2. Center always that you're talking to a person. Even if reporters want one survivor's individual case to be representative of a larger issue of the rape culture (e.g. campus rape), they have to remember their subject is a person and hir lived experience, not their assault.

3. If they have any doubts at all, if they can't stand behind the survivor 100%, don't use them as a source. Not just because if questions arise post-publication, that can make life harder for other victims and advocates (although that, too), but because it's not fair to a survivor to compromise their trust and safety by putting their story out into the world if you're not going to have their backs.

The CJR report addresses the importance of this pact between survivor and reporter, too:
Problems arise when the terms of the compact between survivor and journalist are not spelled out. Kristen Lombardi, who spent a year and a half reporting the Center for Public Integrity's series on campus sexual assault, said she made it explicit to the women she interviewed that the reporting process required her to obtain documents, collect evidence and talk to as many people involved in the case as possible, including the accused. She prefaced her interviews by assuring the women that she believed in them but that it was in their best interest to make sure there were no questions about the veracity of their accounts. She also allowed victims some control, including determining the time, place and pace of their interviews.

If a woman was not ready for such a process, Lombardi said, she was prepared to walk away.
This is the responsibility of anyone who agrees to tell a survivor's story: To do everything in one's power to make sure that survivor is protected from inevitable blowback. And, if you can't do that, be prepared to walk away.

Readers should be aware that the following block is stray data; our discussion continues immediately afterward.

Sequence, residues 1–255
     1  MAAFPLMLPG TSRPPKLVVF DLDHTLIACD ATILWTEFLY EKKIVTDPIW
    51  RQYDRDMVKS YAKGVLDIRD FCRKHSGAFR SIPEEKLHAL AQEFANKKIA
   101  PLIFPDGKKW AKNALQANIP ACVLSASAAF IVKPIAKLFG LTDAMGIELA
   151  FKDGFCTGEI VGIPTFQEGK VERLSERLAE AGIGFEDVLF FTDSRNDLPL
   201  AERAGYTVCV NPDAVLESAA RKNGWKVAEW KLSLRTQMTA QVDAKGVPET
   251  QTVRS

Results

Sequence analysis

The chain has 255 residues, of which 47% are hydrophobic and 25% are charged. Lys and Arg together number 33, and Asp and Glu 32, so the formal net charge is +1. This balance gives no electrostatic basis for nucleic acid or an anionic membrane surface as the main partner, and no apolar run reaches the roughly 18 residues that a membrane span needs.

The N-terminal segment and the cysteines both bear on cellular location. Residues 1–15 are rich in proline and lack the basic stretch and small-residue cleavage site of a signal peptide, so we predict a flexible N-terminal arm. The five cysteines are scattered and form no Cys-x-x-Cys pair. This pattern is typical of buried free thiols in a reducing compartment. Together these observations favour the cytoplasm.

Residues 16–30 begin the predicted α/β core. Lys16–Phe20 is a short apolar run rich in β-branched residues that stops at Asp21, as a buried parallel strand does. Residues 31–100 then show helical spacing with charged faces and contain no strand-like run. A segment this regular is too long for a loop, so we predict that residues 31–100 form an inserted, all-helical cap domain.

Clearly, Erdely was not prepared to walk away. To the contrary, Jackie was continually pursued even when she would cease communication for weeks at a time. Her story was too "explosive" to walk away from.

Erdely and Rolling Stone were not centering Jackie as their subject, but her description of her assault.
Erdely said she was searching for a single, emblematic college rape case that would show "what it's like to be on campus now … where not only is rape so prevalent but also that there's this pervasive culture of sexual harassment/rape culture."
Any campus sexual assault case would have been "emblematic" of the epidemic of sexual assault on college campuses. Jackie's case was chosen because it was worse ("sensational" and a "massive scoop") than the typical case. Because Rolling Stone was more concerned about a "blockbuster" story than a verifiable one told by a survivor behind whom they were willing to put their unyielding support.

Lots went wrong with their journalistic process, but that was only after lots went wrong with their decency process.

That the best they've got in response is "Jackie manipulated us" is a good indication they've got no intention of scrutinizing either process, to make sure this sort of colossal failure does not happen again.

Which should concern anyone who genuinely cares about ending sexual assault.

I will leave you with this: For three years, long before Jackie's story was even published in Rolling Stone, the University of Virginia has been under federal investigation for Title IX violations specifically related to sexual violence. Three years. The investigation is open and ongoing.